Planning to Take Social Security at 62? 3 Reasons to Wait Until 70

A big question for Americans nearing retirement is when to file for Social Security benefits. While the U.S. government has set full retirement age at 67 for people born in 1960 or later, Americans can choose to take a reduced Social Security benefit as early as age 62 — or wait beyond full retirement age in exchange for a higher monthly payment.

Starting Social Security benefits at age 62 may make sense under certain circumstances. However, waiting until at least full retirement age — and ideally age 70 — to claim Social Security is usually the better option. Here are three important reasons to delay taking Social Security.

Maximize guaranteed income

Social Security reduces your monthly benefit for life if you start benefits before full retirement age. If you were born in 1960 or thereafter and choose to begin taking benefits at 62, your monthly check will be reduced by 30% compared to what you would receive at age 67, your full retirement age. By contrast, for every year that you wait beyond full retirement age (up to age 70), your future monthly benefit increases by 8%.

As a result, your monthly benefit will be 77% higher if you begin taking Social Security at age 70 compared to what you would receive at age 62. Here’s how that would affect a retiree with a hypothetical benefit at full retirement age of $1,745 per month, in line with the national average.

Age at Which Benefits Begin

Monthly Social Security Payment



67 (full retirement age)




Source: Author’s calculations. Note: Amounts rounded to the nearest dollar.

With defined benefit pension plans becoming increasingly rare in the U.S., Social Security is the only source of guaranteed lifetime income for many seniors. Maximizing that guaranteed income by waiting until age 70 to take benefits reduces the risk that you’ll run out of money or need to make painful lifestyle cutbacks if you live a long time or your investments perform worse than expected.

Of course, someone who begins collecting benefits at 62 racks up eight extra years of payments compared to someone who waits until 70. But if you live past age 80, you would collect more Social Security payments over your lifetime by postponing benefits to age 70.

The average life expectancy for a 62-year-old male is approximately 20 years more; for a 62-year-old female, it’s 23 years more. Thus, the average person approaching retirement age will live past the “breakeven” point and collect more from Social Security by waiting to start their benefits.

Your surviving spouse can keep your benefits

The logic to waiting until age 70 to claim Social Security is even stronger if you are married and have a higher earnings history than your spouse. If you pass away first, your surviving spouse can switch to your (higher) benefit, assuming they have reached full retirement age. (The benefit would be reduced if they are younger.)

The joint life expectancy for two people who are each 62 years old is 29 years more. On average, at least one spouse will live to age 91. That’s easily long enough to justify waiting to start Social Security benefits.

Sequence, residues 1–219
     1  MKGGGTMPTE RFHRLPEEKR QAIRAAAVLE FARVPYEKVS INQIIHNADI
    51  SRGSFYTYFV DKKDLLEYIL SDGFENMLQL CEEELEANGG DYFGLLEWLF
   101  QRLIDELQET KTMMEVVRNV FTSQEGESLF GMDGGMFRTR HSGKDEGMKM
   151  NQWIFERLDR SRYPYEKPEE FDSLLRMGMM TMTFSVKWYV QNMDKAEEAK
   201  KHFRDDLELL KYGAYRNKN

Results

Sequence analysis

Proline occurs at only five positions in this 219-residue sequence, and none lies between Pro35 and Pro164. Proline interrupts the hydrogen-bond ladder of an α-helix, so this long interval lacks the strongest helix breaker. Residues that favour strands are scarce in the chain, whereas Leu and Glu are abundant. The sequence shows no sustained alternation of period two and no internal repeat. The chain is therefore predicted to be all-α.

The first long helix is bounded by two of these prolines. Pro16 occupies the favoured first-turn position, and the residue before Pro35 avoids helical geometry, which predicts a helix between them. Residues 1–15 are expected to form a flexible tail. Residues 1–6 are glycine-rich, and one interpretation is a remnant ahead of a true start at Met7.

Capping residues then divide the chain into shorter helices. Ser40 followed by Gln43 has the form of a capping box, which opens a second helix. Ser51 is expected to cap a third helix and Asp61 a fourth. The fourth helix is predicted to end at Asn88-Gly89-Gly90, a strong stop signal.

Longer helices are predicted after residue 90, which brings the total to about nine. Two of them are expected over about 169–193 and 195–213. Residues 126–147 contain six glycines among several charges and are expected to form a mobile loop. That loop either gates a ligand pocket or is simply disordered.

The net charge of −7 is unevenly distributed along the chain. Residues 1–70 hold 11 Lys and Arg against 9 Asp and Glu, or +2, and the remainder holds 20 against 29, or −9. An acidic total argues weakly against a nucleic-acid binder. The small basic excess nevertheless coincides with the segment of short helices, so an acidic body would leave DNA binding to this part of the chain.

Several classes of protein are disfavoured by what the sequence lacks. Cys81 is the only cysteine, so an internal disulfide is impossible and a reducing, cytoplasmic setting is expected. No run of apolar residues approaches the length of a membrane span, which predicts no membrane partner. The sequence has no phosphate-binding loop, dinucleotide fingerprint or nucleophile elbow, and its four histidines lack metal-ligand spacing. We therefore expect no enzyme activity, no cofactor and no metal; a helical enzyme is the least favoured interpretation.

Image source: Getty Images.

Taxes and benefit reductions

Lastly, many Americans are still working at age 62. The higher your income at that age, the stronger the case for waiting to claim Social Security benefits.

First, prior to the year you reach full retirement age, Social Security reduces your benefit payments by $1 for every $2 of annual employment income above $19,560 (as of 2022). Obviously, it’s very easy to exceed this earnings threshold.

If you have benefit payments reduced for this reason, Social Security will recalculate your benefit after you reach full retirement age to make up for what was withheld. Still, taking Social Security at 62 rarely pencils out favorably if you are still working full-time.

Second, up to 85% of Social Security benefit payments can be subject to federal income tax, depending on your “combined income”: adjusted gross income plus nontaxable interest income and half of your Social Security benefits. (A handful of states tax Social Security benefits, too.)

Percentage of Benefits Taxed

Combined Income (Individual)

Combined Income (Joint Filer)


Under $25,000

Under $32,000

Up to 50%



Up to 85%

Over $34,000

Over $44,000

Data source: Social Security Administration. Table by author.

If you claim Social Security at 62 and are still working, chances are you’ll owe tax on 85% of your benefit payments. By contrast, after you retire, your income will likely be lower. That could lead to a lower percentage of your Social Security benefits being taxable — or at least put you in a lower tax bracket.

Your mileage may vary

Personal finance is personal. For some people, claiming Social Security at age 62 makes sense despite the disadvantages described here.

Nevertheless, if you’re considering filing for Social Security benefits at 62, you should think hard before pulling the trigger. Taking Social Security early will lock you (and potentially your spouse) into lower monthly payments for life and could also increase your tax burden. It’s not a decision to be taken lightly.

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